In message: <[EMAIL PROTECTED]>
            "Daniel R. Tobias" <[EMAIL PROTECTED]> writes:
: On 2 Jan 2007 at 11:56, Ashley Yakeley wrote:
: > GPS is TAI. I'm not proposing abandoning TAI for those applications
: > that need it.
: It's a few seconds off from TAI, isn't it?  It was synchronized to
: UTC in 1980 (I think), but without subsequent leap seconds, so it's
: now different from both TAI and UTC.  They probably should just have
: used TAI if they wanted a time scale without leap seconds, rather
: than ending up creating a different one.

Yes.  There's a fixed offset between seconds in TAI and seconds in
GPS.  The GPS timescale is tied to seconds in UTC(NRO).  TAI is a
paper clock, computed after the fact, so GPS can't ever be TAI time.
However, the differences there are down in the nanosecond or so

There's a big philosophical opposition to using the paper clock that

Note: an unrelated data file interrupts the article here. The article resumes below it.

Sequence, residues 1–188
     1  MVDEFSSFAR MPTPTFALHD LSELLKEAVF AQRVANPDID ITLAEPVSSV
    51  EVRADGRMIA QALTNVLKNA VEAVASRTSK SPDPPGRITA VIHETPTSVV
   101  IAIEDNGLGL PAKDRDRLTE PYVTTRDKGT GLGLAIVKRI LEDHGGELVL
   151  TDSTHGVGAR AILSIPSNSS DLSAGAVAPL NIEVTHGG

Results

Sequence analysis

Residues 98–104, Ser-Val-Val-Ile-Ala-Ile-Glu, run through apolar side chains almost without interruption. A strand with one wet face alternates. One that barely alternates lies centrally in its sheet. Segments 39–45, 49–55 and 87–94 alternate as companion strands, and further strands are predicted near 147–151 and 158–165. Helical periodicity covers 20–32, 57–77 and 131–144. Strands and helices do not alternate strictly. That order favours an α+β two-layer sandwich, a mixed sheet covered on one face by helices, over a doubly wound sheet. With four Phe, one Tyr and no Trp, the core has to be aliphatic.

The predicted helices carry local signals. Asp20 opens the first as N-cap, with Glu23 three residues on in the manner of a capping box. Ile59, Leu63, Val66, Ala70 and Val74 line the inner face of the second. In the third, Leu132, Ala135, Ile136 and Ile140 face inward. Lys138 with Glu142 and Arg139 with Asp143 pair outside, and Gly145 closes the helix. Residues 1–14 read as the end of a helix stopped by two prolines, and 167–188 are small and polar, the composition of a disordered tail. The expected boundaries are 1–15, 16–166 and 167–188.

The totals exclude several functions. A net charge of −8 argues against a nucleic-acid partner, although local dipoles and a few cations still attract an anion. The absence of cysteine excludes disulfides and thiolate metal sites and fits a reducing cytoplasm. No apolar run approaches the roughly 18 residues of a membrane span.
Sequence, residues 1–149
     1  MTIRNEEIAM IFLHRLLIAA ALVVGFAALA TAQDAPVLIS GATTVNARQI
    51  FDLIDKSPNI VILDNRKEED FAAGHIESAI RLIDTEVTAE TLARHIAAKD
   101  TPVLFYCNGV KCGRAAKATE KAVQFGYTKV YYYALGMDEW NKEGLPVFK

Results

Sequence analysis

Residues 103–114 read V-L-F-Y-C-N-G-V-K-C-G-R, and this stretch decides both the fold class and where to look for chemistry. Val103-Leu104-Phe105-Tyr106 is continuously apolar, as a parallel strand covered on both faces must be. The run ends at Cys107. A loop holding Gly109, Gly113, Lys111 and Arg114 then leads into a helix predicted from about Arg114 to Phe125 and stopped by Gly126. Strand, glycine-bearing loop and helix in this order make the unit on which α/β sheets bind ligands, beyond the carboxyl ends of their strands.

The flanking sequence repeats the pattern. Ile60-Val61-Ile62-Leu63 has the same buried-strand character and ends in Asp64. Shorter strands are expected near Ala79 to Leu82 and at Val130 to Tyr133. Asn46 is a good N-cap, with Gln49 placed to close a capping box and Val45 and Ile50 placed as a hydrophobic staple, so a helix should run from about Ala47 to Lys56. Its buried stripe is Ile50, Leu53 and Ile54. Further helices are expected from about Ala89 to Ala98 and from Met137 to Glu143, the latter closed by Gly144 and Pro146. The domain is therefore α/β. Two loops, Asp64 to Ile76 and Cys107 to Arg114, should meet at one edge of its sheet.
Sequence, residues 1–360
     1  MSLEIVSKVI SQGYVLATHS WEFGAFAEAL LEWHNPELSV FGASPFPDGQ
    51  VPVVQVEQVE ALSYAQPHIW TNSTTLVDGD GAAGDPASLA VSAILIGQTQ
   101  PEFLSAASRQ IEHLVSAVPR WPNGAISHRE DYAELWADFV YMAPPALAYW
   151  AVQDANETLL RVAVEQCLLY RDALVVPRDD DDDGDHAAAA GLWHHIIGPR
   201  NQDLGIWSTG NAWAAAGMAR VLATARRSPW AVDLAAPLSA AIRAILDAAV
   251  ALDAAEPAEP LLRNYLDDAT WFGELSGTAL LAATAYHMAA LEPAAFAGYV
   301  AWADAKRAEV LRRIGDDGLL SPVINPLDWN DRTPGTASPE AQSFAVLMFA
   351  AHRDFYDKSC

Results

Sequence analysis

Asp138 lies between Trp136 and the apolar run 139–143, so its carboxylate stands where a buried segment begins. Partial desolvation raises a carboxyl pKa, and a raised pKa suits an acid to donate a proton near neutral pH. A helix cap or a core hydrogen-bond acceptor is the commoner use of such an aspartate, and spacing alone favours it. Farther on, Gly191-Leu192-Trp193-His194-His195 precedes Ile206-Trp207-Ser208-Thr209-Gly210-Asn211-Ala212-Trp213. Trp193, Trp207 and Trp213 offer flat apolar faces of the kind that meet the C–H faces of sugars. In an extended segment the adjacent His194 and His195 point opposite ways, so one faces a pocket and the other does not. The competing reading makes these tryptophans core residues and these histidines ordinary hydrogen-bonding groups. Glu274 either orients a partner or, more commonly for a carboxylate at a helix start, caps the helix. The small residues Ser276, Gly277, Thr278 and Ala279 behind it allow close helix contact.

is TAI in a real-time operational timescale that GPS uses.  The
European version of GPS originally specified TAI time, but this was
changed in later revisions to be the same as GPS time.  There's an
extreme reluctance in the time community to call something without
leap seconds "TAI" or "TAI + fixed offset".  TAI means something very
specific.  That's the other problem with just using TAI, btw, but
explaining that point is very hard...

The principle time scientist made me change the description of the
output of measurment time for a product I did.  I described it as "TAI
time seconds since 1970."  Instead, he descriped it as "Number of PPS
ticks in the UTC time scale since 1972 + 63072000 + 10."
Mathematically, they work out to be the same thing, but he was
extremely resistant to calling it TAI time or using the TAI moniker
for it at all.  When I asked him about this, he said that TAI time
isn't realized in real time, but UTC is.  UTC is what one can measure
against.  Producing a number that corresponded to TAI time was OK, and
likely the least confusing thing to do (we give a second number and
UTC time in 'YYYY-MM-DD HH:MM:SS Z' as well as the channel and the
measurement for that time in out output), but actually calling it TAI
would 'confuse' the really smart time geeks out in the world.  I asked
him for a reference where I could read up on this, and he shrugged and
said he just knew it and didn't know of any good write up.


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